Patient-based Registry

👋 Say hi to Verena and Jamie!

My name is Verena Schmeder and I am the president of the German SYNGAP1 patient organisation called Syngap Elternhilfe e. V. My son Jamie is 10 years old and has Syngap1 syndrome. We are living in Krefeld in the North-West of Germany.

📖 The start of the journey...
Looking back, the first obvious symptoms of my son started at 3-6 months with a global developmental delay. After a rocky diagnostic journey, we got his diagnosis at the age of 28 months. For us, it was a relief to finally know the cause for his symptoms. We realized that epilepsy is a part of this syndrome and that it had been undetected for 1,5 years. Having a diagnosis enabled us to start a medical therapy to fight his epilepsy and to look for other affected families.

🏠 The daily life at home
All of the affected kids and adults do have intellectual disability, which shows up as developmental delay first. Nearly all have epilepsy, sometimes with hundreds of seizures per day, which is often drug resistant. Most patients are nonverbal and about 50% have an autism diagnosis but even more struggle with challenging behaviours and sleeping difficulties. For my son it means: He cannot stand independently, cannot walk and needs a wheelchair. He cannot talk or care for himself in an age-appropriate way. Syngap1 syndrome impacts our daily lives every day because it means reading your kids’ special needs while they are unable to express these by themselves. Raising a kid with Syngap1 syndrome requires a lot of resilience and patience. Under the right circumstances they develop at their own pace, however some of their needs will always be similar to those of a toddler.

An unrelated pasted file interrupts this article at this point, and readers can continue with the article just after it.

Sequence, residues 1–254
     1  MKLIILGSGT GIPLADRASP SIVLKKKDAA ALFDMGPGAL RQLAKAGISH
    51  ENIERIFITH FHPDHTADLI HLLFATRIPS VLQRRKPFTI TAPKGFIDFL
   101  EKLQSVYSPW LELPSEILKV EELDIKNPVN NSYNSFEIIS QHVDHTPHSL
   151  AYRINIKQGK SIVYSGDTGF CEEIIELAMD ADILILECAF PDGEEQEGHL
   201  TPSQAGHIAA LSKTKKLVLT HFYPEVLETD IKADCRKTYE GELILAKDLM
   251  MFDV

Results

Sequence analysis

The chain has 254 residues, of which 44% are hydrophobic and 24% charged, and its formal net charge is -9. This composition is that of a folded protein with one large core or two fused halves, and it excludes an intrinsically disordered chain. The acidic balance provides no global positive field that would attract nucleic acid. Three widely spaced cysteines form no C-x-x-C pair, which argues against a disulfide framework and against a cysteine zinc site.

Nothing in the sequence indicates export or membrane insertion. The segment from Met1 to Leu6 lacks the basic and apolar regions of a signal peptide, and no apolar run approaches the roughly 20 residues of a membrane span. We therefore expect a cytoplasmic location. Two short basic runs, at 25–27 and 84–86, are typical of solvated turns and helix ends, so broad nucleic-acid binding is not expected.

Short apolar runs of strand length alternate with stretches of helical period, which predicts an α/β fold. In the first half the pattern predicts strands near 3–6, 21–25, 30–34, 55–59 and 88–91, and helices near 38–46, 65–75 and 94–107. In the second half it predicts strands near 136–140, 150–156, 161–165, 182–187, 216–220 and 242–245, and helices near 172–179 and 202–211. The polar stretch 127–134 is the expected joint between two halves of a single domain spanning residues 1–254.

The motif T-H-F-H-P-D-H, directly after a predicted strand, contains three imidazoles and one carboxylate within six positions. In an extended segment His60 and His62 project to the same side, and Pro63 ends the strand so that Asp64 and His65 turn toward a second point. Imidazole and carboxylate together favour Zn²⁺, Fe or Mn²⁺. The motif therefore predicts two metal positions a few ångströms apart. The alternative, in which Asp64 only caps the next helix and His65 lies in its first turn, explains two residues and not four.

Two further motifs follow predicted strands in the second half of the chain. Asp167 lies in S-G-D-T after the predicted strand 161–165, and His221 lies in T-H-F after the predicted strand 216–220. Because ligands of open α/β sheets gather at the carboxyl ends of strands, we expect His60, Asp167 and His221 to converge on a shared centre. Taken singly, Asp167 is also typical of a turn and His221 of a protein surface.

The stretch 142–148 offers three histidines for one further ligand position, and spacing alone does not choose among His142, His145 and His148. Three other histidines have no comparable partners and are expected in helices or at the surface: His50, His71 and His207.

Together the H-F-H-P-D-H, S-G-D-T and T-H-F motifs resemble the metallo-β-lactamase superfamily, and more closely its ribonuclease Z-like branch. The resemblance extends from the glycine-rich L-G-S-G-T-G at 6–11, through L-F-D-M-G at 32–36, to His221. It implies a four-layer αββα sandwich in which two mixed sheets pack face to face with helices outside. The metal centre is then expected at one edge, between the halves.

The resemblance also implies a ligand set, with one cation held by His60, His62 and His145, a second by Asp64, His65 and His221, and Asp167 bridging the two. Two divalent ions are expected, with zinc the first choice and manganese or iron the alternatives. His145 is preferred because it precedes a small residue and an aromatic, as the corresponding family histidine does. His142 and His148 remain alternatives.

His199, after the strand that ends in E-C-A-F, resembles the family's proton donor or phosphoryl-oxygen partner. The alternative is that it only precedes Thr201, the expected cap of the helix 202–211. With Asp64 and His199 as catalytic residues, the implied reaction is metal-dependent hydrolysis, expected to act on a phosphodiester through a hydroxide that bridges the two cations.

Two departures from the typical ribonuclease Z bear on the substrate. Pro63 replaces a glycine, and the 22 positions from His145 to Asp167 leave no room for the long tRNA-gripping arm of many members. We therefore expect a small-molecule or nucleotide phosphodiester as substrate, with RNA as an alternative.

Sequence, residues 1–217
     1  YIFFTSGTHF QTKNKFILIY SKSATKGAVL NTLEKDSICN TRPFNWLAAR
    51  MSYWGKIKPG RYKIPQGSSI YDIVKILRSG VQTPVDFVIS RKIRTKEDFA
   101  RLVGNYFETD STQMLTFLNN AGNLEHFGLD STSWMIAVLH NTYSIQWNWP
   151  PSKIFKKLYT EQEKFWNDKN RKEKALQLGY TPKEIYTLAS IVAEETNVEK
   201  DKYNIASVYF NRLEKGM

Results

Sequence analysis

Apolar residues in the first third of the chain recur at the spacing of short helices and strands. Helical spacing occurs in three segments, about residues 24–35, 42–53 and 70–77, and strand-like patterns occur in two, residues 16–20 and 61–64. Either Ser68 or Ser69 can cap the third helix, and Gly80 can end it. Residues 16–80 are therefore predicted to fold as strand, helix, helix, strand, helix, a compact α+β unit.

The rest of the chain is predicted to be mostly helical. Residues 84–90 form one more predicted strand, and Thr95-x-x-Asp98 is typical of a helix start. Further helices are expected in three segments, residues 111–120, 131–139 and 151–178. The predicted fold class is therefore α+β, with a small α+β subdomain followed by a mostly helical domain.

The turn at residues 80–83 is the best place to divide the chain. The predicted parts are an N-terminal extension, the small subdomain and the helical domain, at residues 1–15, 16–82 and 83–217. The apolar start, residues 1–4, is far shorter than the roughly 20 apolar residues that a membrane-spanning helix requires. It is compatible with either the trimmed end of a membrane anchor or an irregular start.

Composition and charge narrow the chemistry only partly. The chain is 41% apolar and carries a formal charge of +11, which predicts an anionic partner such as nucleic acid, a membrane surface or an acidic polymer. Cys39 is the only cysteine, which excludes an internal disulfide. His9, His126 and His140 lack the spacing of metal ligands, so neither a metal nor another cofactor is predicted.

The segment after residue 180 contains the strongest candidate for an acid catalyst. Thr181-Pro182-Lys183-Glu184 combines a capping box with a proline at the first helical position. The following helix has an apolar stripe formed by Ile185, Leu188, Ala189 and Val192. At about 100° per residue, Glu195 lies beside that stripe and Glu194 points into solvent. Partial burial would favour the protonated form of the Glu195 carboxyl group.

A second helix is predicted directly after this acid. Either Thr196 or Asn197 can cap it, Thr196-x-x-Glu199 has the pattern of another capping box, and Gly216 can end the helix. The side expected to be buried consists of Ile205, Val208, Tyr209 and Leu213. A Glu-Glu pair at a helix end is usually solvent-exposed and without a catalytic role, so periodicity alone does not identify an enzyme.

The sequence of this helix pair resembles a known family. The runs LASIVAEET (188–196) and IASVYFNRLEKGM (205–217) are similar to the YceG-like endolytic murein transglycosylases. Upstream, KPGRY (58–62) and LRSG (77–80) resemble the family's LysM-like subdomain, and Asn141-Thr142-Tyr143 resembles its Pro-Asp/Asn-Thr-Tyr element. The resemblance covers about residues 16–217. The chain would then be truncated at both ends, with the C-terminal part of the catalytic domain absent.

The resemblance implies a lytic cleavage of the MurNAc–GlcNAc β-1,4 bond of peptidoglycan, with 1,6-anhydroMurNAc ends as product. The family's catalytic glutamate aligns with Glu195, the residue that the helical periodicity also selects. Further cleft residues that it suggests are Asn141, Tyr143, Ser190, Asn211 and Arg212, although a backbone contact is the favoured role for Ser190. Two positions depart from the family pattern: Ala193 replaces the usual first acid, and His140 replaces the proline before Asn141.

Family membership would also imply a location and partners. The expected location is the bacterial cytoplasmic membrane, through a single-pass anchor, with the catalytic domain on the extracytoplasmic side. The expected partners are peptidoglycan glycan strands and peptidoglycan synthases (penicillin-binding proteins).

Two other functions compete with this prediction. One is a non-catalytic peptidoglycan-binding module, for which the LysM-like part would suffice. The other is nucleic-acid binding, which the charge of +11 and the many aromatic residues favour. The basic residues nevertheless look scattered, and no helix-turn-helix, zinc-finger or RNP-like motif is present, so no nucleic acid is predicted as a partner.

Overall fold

💭 A syndrome too often misunderstood in society…
In Syngap1 syndrome we see a wide spectrum of severity. Some kids cannot walk or talk, while others can walk and at least have some words. In kids on a lower functioning level their abilities are often underestimated. On the opposite the walking kids are often misunderstood, due to their invisible disabilities. But they are all struggling in some way. The worst misconceptions I’ve ever heard: When a tax office employee said: Oh, Syngap1 those kids are “wrong in their head”, or when schools or group homes claim, that our kids are “doing it by purpose” or label our kids as “being egocentric”. They are none of these! They are kids with a severe disability on multiple levels, but they have potential to thrive when we find the right medication and therapies to unlock it.